I'm reconquering my kitchen. Clearing the counters and throwing out the rice cakes. Pitching the leftovers and Wildberry fruit roll ups. After my mother's five week visit to our new home in Provence – I’m in need of a scorched earth campaign: leave nothing behind that the enemy can use. Not her instant Vietnamese soup, not her Skippy chunky peanut butter. Following in her Napoleonic wake, I had no choice but to burn it all, exorcise it with the ritualistic pleasure that some girls get from burning pictures of old boyfriends.
Let me be clear. I hate hate hate throwing away food. It makes me feel like a spoiled brat. And yet every time my mother leaves France, she saddles me with a huge bag of leftover, canned, partially hydrogenated horrors that neither I nor my family want to eat. Food is one of the central pleasures of my life in France, and particularly at a time when I am doing my best to lose the last of the baby weight – I simply cannot tolerate (excuse my French) putting shit in my mouth.
When I lived in Paris, I could discreetly deposit the bag outside our building in the evening, and it would be gone by morning. Here in the village, there no spot to discreetly do anything. I can't imagine what my neighbors would say if they saw me throwing away a shopping bag full of instant Raspberry Cool iced tea and processed chorizo pizza. Would anyone here even know what to do with instant Raspberry Cool iced tea? For now, the bag is sitting in the vaulted stone cellar, awaiting further study.
Since I moved to France, my mother has been on a campaign to bring the familiar into my otherwise foreign life. She began with the silver (which I cherish and adore), then she brought over a chipped flower pot in the shape of a tudor mansion from our old den (ok, some sentimental value). But soon we moved on to the apricot Jell-O and Crystal Light. It’s all part of my mother’s Stuff is Love theory: If you transfer enough objects from your old home to your new home, you never left.
Until we were under the same roof for an extended period, I didn’t realize how oppressive this was. I felt violated. The kitchen is my territory, and by filling it with things my family would never eat, she was ignoring my wishes, my independence – simply turning my house into a version of hers. One morning, G. slinked off, bewildered, for an espresso at a friend’s: “I opened the refrigerator door," he said, “the fridge was full, and there wasn’t a single thing in it that I wanted to eat.”
It’s not that my mother takes no pleasure in my cooking. She did cartwheels over the beefsteak tomatoes and fine buffalo mozzarella we often ate for lunch in the garden. She happily tasted the tomme de Brebis at my newfound cheesemonger. She watched with amusement as I squeezed the figs and sniffed the melons. But I – her only child - am so far away, and now I’ve kidnapped not only myself, but her grandson as well. What good is his American passport if he doesn’t eat peanut butter?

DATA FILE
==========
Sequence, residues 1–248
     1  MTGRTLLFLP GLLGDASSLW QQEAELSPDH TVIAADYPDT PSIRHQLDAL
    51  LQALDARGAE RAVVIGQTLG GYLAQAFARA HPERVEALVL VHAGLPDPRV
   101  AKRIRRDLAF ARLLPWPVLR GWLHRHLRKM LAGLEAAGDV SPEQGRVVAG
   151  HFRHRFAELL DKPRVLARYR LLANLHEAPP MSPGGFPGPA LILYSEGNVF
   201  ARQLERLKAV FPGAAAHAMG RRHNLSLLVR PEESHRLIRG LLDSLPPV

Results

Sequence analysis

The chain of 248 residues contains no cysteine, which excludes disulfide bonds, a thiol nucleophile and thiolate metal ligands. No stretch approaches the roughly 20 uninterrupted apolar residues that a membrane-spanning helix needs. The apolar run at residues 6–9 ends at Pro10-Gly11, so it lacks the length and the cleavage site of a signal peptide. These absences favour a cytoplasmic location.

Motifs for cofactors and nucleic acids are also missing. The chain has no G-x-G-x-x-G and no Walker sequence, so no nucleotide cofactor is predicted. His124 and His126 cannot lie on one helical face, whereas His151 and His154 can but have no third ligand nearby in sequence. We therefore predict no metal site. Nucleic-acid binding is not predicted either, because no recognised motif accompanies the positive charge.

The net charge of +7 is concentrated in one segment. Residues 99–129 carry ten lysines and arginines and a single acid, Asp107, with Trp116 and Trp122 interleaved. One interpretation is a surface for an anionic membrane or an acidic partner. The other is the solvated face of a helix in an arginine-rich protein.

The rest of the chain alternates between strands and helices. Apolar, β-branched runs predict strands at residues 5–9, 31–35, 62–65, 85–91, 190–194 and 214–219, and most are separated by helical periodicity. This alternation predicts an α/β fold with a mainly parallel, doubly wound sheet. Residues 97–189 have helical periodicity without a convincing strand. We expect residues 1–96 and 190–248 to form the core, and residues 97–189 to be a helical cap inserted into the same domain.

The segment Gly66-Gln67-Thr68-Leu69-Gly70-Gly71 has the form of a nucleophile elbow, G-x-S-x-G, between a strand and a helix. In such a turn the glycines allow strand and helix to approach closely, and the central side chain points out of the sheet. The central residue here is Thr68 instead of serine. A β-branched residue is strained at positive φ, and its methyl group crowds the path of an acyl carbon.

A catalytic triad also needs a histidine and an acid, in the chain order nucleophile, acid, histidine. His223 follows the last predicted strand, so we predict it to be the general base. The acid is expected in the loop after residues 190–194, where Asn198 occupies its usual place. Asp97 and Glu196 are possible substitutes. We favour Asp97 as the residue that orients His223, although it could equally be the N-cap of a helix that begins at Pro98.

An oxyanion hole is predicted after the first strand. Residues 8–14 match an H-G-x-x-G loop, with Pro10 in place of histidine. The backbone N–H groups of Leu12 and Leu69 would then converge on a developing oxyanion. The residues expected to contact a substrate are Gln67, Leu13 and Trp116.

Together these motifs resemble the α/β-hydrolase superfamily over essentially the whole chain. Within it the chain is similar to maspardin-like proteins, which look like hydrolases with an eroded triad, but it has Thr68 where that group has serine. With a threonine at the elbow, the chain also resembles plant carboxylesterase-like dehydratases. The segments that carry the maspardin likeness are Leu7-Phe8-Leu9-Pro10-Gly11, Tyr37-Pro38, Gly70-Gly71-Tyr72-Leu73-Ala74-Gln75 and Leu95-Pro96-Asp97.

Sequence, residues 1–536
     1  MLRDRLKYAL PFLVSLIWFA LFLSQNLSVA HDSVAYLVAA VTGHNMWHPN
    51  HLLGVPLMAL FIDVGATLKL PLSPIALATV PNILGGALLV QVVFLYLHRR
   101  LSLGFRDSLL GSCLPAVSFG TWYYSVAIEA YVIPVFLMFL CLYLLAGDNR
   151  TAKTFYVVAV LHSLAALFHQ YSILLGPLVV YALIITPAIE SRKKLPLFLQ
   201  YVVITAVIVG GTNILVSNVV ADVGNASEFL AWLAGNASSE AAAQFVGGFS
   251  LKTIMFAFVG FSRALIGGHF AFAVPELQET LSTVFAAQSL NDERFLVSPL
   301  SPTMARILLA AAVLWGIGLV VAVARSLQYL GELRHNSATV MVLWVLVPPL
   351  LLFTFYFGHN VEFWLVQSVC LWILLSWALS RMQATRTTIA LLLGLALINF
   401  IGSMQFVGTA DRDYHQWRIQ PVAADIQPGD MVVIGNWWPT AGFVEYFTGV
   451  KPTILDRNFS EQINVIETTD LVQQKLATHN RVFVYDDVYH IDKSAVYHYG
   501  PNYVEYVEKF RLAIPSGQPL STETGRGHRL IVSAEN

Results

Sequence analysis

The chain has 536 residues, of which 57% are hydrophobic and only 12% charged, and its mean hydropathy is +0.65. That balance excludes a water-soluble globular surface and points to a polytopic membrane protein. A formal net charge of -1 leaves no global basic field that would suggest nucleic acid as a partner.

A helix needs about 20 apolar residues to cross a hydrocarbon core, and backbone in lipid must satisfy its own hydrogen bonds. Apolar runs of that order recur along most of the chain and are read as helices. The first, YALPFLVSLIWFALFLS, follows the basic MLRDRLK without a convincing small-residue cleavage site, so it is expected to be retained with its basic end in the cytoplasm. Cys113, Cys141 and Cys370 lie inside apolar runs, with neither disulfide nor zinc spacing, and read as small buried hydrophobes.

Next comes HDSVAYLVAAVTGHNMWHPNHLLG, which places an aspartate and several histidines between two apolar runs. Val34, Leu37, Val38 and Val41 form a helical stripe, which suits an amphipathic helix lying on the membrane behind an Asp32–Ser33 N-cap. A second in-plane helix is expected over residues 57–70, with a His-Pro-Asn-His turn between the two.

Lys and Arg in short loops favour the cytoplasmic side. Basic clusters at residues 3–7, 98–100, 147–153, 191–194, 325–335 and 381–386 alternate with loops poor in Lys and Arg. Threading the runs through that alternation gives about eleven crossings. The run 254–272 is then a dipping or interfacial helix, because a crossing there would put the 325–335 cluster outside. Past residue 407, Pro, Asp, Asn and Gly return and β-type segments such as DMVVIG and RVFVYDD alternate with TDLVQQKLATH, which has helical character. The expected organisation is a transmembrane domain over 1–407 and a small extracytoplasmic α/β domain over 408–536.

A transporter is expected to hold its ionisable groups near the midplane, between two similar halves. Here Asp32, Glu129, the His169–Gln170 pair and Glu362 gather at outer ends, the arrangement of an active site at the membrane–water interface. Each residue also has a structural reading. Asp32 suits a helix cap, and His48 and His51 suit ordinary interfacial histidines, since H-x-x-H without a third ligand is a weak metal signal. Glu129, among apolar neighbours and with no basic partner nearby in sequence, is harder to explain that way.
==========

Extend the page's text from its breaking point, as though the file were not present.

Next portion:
I love my mother very much. I like her even more. One of the reasons why this happens is that we are so close she often fails to see us as two separate people (with two separate refrigerators). She’ll read this, and we will probably talk about it. Maybe it will make her more aware of how I was feeling – of taking care to treat me like an adult in my own house. And I hope it will make me a better guest in her home – rather than my classic reversion to a child who comes and goes as she pleases and leaves her underwear on the bedroom floor. That’s the difference between my mother and Napoleon. Napoleon never made up with anyone.
Things are slowly getting back on culinary track here. I have some butternut squash for roasting (my mother’s recipe – though tossed with olive oil instead of Pam), and our babysitter just loaded me up with a huge sack of tomatoes from her neighbor’s garden. I think I’ll make some last-of-the-season sauce for the freezer.
Before my parents left, I made a farewell dinner – a variation of my lentils with sausage from our local butcher. Lentils are one of my favorite French comfort foods – warm and welcoming – like the big hug I often forgot to give my parents this month. Now that everyone is gone, I can hear the creaking of the house again. Last night, I gave Augustin some leftover lentils for dinner. Yes, he was eating leftovers, but they were my leftovers. And somehow that makes all the difference.